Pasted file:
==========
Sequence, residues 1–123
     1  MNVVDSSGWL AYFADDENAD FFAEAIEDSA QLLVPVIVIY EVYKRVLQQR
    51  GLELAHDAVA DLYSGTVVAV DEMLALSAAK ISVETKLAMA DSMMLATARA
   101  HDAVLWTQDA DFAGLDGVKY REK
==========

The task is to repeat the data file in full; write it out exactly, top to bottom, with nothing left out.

Sequence, residues 1–123
     1  MNVVDSSGWL AYFADDENAD FFAEAIEDSA QLLVPVIVIY EVYKRVLQQR
    51  GLELAHDAVA DLYSGTVVAV DEMLALSAAK ISVETKLAMA DSMMLATARA
   101  HDAVLWTQDA DFAGLDGVKY REK